CINCINNATI, OH (FOX19) - City Manager Harry Black confirms to FOX19 NOW that he has signed a separation agreement.
He is asking council members for their support of the $393,000 resignation deal.
Black released the following statement on Saturday.
Mayor John Cranley also released a statement on Saturday commenting about the separation agreement.
Vice Mayor Christopher Smitherman responded Saturday to Black signing the separation agreement.
"The 18-month signed separation agreement is a positive development for the city. I thank the Mayor and Manager for coming together for the best interest of the people of Cincinnati. We hope we can get back to the business of the city," said Smitherman on Saturday.
Cincinnati City Manager Harry Black signed $393,000 resignation deal, according to Smitherman. That's the equivalent of 18 months salary.
"This is a positive step for the city. The mayor and manager have worked out a deal and both have signed. It is very important that we move back to the business of the city. It is now up to city council to work together and confirm the deal so we can get back to the business of our citizens," said Smitherman.
Council Member Wendell Young responded to FOX19 NOW and said that he would not be pleased to see City Manager Black go but can understand and that he respects his decision to do so. He also shared that he is not in favor of paying him more than his contract allows.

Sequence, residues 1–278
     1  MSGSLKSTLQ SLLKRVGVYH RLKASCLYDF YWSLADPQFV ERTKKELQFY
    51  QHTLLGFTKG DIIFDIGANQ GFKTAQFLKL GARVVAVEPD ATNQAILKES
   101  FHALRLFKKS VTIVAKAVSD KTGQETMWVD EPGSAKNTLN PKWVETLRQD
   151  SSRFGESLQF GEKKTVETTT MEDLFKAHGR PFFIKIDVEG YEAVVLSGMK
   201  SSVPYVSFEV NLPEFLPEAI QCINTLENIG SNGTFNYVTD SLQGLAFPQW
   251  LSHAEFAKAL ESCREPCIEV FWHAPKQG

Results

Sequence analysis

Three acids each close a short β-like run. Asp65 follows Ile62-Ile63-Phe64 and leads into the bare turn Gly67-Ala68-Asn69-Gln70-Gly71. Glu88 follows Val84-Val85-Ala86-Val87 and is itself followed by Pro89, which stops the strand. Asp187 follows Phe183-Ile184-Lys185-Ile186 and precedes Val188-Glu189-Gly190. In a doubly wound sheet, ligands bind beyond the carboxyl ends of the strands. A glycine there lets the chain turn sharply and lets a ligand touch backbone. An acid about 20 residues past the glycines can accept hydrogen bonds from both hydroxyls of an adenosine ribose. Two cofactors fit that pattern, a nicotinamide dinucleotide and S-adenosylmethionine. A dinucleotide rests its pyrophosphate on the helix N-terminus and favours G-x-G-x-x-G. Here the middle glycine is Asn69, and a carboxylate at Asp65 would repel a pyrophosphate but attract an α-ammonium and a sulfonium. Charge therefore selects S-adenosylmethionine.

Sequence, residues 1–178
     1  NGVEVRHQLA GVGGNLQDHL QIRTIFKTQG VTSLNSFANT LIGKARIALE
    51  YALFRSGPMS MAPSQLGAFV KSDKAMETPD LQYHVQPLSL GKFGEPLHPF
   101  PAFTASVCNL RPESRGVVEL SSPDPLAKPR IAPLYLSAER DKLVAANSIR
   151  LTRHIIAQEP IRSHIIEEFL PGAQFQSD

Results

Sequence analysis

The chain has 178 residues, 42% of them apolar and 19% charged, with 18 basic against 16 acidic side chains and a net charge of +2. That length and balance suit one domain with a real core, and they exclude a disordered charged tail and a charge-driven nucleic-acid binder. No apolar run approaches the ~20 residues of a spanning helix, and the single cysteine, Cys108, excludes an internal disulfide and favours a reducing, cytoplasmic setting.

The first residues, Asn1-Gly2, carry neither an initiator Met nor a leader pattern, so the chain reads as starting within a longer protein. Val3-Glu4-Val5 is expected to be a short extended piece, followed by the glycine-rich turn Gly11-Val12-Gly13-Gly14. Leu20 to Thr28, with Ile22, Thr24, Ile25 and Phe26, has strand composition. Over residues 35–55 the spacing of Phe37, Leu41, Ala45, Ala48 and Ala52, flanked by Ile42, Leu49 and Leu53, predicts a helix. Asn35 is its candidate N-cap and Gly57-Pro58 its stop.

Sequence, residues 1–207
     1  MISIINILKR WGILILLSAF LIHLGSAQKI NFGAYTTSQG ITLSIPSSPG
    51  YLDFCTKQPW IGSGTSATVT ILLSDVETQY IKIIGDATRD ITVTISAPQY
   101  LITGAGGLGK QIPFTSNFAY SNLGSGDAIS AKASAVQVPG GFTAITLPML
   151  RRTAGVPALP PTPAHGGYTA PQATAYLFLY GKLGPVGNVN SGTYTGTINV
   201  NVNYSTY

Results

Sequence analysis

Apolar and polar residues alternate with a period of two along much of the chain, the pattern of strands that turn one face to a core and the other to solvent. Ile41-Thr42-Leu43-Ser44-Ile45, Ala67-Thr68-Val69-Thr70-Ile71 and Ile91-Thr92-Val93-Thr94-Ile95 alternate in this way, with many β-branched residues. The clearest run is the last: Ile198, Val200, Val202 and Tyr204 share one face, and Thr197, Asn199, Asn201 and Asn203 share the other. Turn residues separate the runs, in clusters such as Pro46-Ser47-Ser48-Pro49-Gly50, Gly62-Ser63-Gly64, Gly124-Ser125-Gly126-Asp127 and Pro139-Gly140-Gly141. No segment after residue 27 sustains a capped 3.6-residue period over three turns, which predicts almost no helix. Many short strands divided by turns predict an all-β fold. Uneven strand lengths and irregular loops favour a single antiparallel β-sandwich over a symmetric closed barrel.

Council members David Mann, Jeff Pastor, and Chris Seelbach declined to comment.
A majority of City Council must approve it since his contract only gives him eight months salary.
Cranley asked Black to resign Friday and then announced Tuesday they had "reached an agreement in principle" for Black to exit.
Black at that time denied that and said no decisions were made.
Cranley floated an eight-month severance package for Black that would pay him $391,925 plus medical and dental insurance benefits.
But as of Friday, Cranley lacked the votes to approve that settlement deal.
Five council members said they wanted "no personnel changes," according to a statement released by council members Tamaya Dennard, P.G. Sittenfeld, Greg Landsman, Wendell Young and Chris Seelbach.
They were also calling for a pro bono mediator to help the mayor and city manager "navigate their relationship and return to getting things done for the citizens of Cincinnati."